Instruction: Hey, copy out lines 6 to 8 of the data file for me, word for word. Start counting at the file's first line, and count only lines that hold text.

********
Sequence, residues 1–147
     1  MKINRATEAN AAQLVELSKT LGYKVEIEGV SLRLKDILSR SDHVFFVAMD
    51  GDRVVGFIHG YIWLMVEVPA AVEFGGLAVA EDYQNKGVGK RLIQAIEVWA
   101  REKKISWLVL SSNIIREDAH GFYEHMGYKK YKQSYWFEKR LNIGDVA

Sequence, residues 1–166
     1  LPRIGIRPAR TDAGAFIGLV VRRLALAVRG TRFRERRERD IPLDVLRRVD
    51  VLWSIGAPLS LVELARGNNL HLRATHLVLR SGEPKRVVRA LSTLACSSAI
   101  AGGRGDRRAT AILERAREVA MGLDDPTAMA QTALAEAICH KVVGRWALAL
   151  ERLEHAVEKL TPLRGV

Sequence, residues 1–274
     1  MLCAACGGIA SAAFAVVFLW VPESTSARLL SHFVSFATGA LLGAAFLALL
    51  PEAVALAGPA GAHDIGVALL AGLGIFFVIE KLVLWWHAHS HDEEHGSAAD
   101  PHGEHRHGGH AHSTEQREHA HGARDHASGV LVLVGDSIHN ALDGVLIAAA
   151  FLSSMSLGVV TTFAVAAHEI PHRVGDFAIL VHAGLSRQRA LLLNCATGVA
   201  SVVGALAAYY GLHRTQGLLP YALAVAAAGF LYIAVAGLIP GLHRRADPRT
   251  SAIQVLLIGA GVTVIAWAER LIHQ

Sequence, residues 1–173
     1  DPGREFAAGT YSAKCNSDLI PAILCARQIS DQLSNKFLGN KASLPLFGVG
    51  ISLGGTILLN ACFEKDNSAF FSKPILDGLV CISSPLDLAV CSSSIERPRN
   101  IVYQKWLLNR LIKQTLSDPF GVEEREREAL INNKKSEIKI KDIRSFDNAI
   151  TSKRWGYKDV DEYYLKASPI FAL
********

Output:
     1  LPRIGIRPAR TDAGAFIGLV VRRLALAVRG TRFRERRERD IPLDVLRRVD
    51  VLWSIGAPLS LVELARGNNL HLRATHLVLR SGEPKRVVRA LSTLACSSAI
   101  AGGRGDRRAT AILERAREVA MGLDDPTAMA QTALAEAICH KVVGRWALAL